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Guernsey's language (Guernesiais)

Chatting in Guernesiais

Some Frequently Asked Questions about the language of Guernsey

What is Guernesiais?

It is the native language of Guernsey.  Some people call it Guernsey French or simply 'patois'.  You may also see it written as Giernesiais or Dguernesiais and this is because the language has no standardised spelling.  This is a very common feature of indigenous and minority languages around the world.  

How do I say 'Guernesiais'?

Guernesiais is pronounced with a soft 'g' (like in the word 'gin') and has 3 syllables: JEHR-nehz-yay. 

It's a corrupted form of French, isn't it?

This is a myth we hear from time to time.  On the contrary, one could say it's the other way round:  modern French is a corruption of Guernesiais. This is because Guernesiais is much older (and some would say purer) than the standard French we hear today.  Guernesiais is a variety of Norman and a cousin of standard French.

Where did Norman come from?

Many different regional languages were spoken in France before the modern 'standard' French was agreed. One of these languages was Norman, and it is assumed that it was spoken in the Channel Islands a thousand years ago when we were ruled by the Dukes of Normandy.  The language is Guernsey's link to the Norman empire, which at its heyday once stretched from Norway to Syria.  The vocabulary, word order and sounds of Guernesiais show evidence of a Norse/Germanic linguistic heritage.  This combined with local everyday Latin and some Celtic influences to form a distinct language.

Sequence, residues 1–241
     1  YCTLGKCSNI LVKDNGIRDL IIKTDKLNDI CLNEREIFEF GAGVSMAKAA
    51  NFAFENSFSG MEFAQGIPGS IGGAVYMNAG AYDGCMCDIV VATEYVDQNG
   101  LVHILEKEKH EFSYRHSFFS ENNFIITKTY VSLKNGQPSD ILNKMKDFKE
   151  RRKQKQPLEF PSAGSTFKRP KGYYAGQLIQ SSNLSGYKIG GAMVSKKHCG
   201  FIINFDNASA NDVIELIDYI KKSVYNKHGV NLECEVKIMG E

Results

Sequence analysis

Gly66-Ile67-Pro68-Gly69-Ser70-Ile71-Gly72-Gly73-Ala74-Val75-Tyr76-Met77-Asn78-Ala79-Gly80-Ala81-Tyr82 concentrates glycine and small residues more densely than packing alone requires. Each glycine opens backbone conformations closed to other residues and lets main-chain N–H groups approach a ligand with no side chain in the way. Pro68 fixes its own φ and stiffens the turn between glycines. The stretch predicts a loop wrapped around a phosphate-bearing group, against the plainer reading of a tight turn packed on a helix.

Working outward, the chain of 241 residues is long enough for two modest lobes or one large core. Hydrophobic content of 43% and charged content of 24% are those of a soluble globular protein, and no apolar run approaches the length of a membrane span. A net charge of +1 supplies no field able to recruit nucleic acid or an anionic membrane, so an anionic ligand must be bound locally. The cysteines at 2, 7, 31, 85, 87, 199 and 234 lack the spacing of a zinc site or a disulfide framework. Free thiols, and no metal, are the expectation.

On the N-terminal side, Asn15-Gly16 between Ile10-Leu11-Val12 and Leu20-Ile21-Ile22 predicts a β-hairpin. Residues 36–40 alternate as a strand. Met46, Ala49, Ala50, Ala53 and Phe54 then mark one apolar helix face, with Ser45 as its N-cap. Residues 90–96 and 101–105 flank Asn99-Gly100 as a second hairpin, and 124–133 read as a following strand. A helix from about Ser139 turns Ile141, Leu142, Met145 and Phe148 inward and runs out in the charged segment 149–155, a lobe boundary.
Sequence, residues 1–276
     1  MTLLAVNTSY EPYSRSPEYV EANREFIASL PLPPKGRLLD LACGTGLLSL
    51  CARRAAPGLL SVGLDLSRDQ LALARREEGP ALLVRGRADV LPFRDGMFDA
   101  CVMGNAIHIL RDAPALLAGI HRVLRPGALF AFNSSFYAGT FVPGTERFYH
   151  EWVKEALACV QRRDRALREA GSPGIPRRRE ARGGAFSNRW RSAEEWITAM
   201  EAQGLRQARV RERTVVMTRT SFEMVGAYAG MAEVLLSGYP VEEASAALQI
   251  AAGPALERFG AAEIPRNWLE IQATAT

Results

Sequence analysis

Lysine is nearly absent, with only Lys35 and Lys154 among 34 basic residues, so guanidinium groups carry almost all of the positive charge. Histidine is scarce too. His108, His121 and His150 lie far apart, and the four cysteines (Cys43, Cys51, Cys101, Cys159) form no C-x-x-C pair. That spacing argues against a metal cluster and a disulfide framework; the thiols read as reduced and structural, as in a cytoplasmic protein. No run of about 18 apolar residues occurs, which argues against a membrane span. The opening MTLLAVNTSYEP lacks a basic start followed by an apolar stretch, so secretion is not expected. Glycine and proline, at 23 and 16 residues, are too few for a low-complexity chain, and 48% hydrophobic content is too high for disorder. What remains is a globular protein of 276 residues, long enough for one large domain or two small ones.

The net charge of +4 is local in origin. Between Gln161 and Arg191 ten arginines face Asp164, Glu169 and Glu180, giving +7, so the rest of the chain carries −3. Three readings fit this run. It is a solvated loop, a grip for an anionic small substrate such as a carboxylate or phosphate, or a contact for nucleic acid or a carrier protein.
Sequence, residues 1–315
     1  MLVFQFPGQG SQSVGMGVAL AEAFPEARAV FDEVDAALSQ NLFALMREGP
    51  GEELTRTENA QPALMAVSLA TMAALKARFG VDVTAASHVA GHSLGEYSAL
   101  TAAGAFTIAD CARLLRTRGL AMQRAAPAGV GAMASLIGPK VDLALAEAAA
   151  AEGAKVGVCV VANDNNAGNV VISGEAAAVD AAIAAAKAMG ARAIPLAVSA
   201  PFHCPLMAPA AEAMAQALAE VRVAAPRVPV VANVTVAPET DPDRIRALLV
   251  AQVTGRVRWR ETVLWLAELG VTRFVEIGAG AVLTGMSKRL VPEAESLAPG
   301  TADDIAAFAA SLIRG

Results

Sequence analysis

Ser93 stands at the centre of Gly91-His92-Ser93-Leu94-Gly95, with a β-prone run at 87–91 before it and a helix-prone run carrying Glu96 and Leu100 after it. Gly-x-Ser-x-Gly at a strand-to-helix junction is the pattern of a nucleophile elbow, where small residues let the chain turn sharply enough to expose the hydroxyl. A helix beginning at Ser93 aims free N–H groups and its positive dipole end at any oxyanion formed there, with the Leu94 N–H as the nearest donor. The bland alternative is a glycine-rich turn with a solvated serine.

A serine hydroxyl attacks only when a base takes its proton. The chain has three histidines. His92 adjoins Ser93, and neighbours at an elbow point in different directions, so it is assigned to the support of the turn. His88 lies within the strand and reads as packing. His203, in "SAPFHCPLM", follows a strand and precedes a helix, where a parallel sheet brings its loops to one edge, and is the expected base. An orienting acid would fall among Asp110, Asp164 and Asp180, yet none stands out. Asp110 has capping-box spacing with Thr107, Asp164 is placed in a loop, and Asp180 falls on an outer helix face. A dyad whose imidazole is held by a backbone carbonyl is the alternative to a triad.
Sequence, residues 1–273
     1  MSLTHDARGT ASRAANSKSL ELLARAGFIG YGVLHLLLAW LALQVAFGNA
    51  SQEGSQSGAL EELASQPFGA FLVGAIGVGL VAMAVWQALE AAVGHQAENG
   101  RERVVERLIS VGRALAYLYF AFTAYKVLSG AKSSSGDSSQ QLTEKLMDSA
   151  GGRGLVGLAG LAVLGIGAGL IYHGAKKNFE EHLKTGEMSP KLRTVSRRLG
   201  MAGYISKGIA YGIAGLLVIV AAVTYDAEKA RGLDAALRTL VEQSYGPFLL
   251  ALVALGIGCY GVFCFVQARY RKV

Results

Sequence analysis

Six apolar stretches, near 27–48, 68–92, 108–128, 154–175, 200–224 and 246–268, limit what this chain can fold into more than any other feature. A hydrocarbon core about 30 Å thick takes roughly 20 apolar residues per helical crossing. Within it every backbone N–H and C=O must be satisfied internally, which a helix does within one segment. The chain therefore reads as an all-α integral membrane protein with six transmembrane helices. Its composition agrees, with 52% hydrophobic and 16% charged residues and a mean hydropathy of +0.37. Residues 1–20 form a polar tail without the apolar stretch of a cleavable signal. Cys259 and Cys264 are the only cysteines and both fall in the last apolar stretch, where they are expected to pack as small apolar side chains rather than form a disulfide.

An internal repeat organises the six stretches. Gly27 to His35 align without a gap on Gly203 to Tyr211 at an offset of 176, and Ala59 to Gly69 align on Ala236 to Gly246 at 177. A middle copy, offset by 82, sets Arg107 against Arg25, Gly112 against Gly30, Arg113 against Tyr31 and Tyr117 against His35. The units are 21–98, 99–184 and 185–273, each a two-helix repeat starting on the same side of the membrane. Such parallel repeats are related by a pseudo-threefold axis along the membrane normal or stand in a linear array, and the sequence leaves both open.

People say it's never been written down.  Is that correct?

No.  Guernesiais is not often thought of as a written language, but it has a substantial body of literature.  This includes the works by Georges Métivier (1790-1881), featuring several volumes of poetry and his monumental dictionary of Guernesiais (1870). Here is an example of his work:  

La Victime - Métivier

Veis-tu l's écllaers, os-tu l'tounère?
Lé vent érage et la née a tché!
Les douits saont g'laïs, la gnièt est nère -
Ah, s'tu m'ôimes ouvre l'hus - ch'est mé!

Do you see the lightning, do you hear the thunder?
The wind is raging and the snow has fallen!
The streams are frozen, the night is dark -
Ah, if you love me open the door - it's me!

At the same time, Thomas Martin devoted his life to translating great works of literature into Guernesiais, including the bible and the entire works of Shakespeare.  Marie De Garis produced her dictionary in 1967.

Can you teach me a common phrase?

Here are a few.  Scroll down for more information on learning.  

Bian v'nus - Welcome
Coume tchi que l'affaire va? - How are things going?
Énn amas bian merci - Very well thank you.
Quaï temps qu'i fait? - What's the weather like?
I fait caoud ogniet. - It's warm today.
A la perchoïne! - Until next time!

How many people speak the language today?

The latest data we have is from the 2001 census which stated that:

*  1,327 (1,262 Guernsey-born) or 2% of the population speak Guernsey Norman French fluently while 3% fully understand the language. However most of these, 70% (or 934) of the 1,327 fluent speakers are aged over 64.  Among the young only 0.1% (or one in a thousand) are fluent speakers.

*  Those speaking and understanding Guernsey Norman-French a little are about three times the number who are fluent speakers or full of understanding. Therefore 14% of the population (or 1 in 7) have some understanding of Guernsey Norman-French.  However 84% of the Guernsey-born have no understanding compared to 91% for the UK born and 78% for the nearly 3000 who are European born.  It seems that it is an advantage to be European if one is to understand Guernsey Norman-French.